Lead between the lines

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Mar 26, 2019
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Apologies for posting this a little late (again)… In the ‘in your element’ piece from our October issue, Somobrata Acharya from the Indian Association for the Cultivation of Science, Kolkata, recounts the role of lead throughout history. Element 82 has been known for thousands of years, and widely used owing to the fact that it is abundant, easy to extract, malleable and therefore easy to manipulate.


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© MARY EVANS PICTURE LIBRARY / ALAMY



Lead was known to the ancient Greeks, somewhat confusingly under the name molybdos; it does make sense though, as they didn’t distinguish lead ores and molybdenum ones. In a similar manner, lead and tin were called plumbum nigrum (black lead) and plumbum candidum or album (bright lead), respectively, until the 16th century. Lead also appears in the Old Testament — I found these two incidences on the Elementymology & Elements Multidict website:

“Thou didst blow with thy wind, the sea covered them: they sank as lead in the mighty waters.” (Exodus 15, 10).

“Only the gold, and the silver, the brass, the iron, the tin, and the lead, Every thing that may abide the fire, ye shall make it go through the fire, and it shall be clean” (Numbers 31, 22-23).

This heavy metal was widespread in the Roman Empire, from water pipes to jewellery to sweetener production (in which lead acetate, also known as ‘lead sugar’ was used). It is toxic to humans though, damaging the nervous system and interfering with various organs and tissues. Lead poisoning can occur through either acute or chronic exposure — the latter being the most common one. It is very interesting that ancient Romans, Greeks and Chinese had noticed lead was toxic, yet it wasn’t until the 20th century that its use became strictly regulated, and leaded petrol and paint banned from sale.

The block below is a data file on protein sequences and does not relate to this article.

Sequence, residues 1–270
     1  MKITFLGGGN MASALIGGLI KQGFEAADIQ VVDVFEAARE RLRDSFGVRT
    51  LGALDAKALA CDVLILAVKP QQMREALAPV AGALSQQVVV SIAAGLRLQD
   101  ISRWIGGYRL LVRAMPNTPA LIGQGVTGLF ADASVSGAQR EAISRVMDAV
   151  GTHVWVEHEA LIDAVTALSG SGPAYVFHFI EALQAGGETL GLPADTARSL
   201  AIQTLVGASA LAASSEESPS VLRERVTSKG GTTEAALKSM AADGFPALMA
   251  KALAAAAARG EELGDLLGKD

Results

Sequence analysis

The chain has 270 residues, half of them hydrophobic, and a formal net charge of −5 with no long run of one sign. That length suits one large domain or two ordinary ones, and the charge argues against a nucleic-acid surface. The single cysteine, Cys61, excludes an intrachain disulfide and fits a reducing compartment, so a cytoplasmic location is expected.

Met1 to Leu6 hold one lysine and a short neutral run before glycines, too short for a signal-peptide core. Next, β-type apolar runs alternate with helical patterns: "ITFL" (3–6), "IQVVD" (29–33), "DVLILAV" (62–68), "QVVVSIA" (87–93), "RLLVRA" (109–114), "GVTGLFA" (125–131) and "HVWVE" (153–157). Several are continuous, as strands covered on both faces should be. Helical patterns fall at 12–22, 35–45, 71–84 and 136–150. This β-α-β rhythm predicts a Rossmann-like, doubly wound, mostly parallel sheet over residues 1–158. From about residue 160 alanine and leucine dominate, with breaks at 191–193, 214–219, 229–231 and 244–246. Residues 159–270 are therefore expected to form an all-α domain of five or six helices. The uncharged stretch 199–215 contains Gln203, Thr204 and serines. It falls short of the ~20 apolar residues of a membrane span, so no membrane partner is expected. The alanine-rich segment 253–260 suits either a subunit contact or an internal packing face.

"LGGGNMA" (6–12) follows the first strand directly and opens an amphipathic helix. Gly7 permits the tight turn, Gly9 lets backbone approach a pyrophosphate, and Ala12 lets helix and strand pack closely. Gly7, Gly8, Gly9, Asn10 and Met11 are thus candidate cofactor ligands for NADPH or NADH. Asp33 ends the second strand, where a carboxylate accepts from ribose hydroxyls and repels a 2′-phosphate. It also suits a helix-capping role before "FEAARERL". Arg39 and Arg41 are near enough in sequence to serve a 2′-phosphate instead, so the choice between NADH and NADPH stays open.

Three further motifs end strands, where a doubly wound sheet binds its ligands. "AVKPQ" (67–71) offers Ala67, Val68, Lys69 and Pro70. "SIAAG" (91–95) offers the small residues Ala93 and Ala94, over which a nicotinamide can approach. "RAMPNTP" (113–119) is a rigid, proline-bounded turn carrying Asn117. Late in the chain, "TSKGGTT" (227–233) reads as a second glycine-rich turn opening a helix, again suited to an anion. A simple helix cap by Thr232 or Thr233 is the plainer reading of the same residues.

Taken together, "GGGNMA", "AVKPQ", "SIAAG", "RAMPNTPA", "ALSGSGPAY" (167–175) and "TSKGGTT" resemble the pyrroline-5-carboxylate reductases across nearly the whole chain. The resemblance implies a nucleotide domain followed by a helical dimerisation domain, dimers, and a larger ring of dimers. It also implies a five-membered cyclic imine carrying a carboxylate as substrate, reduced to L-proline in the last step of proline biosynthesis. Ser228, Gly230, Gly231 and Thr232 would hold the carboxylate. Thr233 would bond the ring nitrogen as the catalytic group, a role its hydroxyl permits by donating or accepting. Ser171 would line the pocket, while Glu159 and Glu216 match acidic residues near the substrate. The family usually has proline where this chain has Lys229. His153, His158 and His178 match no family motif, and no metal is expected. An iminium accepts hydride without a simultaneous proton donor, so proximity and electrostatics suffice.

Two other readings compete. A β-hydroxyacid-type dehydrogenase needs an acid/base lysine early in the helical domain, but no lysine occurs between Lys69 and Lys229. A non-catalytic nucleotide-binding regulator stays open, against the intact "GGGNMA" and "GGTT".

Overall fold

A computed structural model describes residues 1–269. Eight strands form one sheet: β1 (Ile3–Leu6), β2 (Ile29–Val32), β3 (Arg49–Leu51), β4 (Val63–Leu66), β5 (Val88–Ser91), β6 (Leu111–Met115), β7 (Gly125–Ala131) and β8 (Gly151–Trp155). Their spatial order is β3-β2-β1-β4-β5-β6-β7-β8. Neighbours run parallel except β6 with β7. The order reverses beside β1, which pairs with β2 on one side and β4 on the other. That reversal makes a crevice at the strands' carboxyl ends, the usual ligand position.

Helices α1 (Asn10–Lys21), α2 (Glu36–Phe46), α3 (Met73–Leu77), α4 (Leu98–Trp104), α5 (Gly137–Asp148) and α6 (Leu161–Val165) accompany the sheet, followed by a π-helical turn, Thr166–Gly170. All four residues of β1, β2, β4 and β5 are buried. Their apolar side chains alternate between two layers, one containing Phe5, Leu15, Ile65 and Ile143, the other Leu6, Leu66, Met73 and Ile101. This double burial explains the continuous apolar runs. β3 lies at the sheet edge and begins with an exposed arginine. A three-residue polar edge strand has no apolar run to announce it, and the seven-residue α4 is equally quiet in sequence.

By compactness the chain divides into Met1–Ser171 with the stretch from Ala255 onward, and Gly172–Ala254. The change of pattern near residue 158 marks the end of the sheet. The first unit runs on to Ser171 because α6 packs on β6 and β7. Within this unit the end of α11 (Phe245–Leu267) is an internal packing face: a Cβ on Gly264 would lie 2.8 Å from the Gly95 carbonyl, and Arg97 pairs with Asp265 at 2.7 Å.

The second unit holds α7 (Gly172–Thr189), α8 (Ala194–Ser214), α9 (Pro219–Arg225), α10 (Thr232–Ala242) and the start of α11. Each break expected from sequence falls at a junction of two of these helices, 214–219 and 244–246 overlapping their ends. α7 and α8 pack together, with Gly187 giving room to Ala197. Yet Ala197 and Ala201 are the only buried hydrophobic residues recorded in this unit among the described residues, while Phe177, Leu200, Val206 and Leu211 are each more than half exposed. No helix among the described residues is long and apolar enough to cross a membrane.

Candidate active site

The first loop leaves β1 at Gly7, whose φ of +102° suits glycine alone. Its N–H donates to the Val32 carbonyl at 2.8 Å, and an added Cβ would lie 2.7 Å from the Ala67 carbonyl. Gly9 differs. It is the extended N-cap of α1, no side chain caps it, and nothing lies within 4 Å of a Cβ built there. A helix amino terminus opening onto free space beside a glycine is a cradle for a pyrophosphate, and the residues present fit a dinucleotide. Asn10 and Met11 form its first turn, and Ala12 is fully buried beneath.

The article also recounts some great discoveries involving this pervasive element — read for example in what way lead participated to the development of the radio, infrared technology, and understanding the quantum confinement effect.


Go to the profile of Anne Pichon

Anne Pichon

Senior Editor, Nature Chemistry, Springer Nature

Anne received a broad training in chemistry at the National Graduate School of Chemistry in Montpellier, France. She then focused on inorganic and supramolecular chemistry and obtained her MPhil and PhD degrees from the Queen's University Belfast, UK, investigating porous coordination polymers for host–guest applications. After an internship with Nature Reviews Drug Discovery, Anne moved to John Wiley and Sons in 2007 as an assistant editor of the Society of Chemical Industry journals. She joined Nature Chemistry in October 2008, and was initially based in Tokyo where she also worked on other publishing projects with Nature Asia-Pacific. In April 2013, Anne relocated to the London office and now works full time on the journal.

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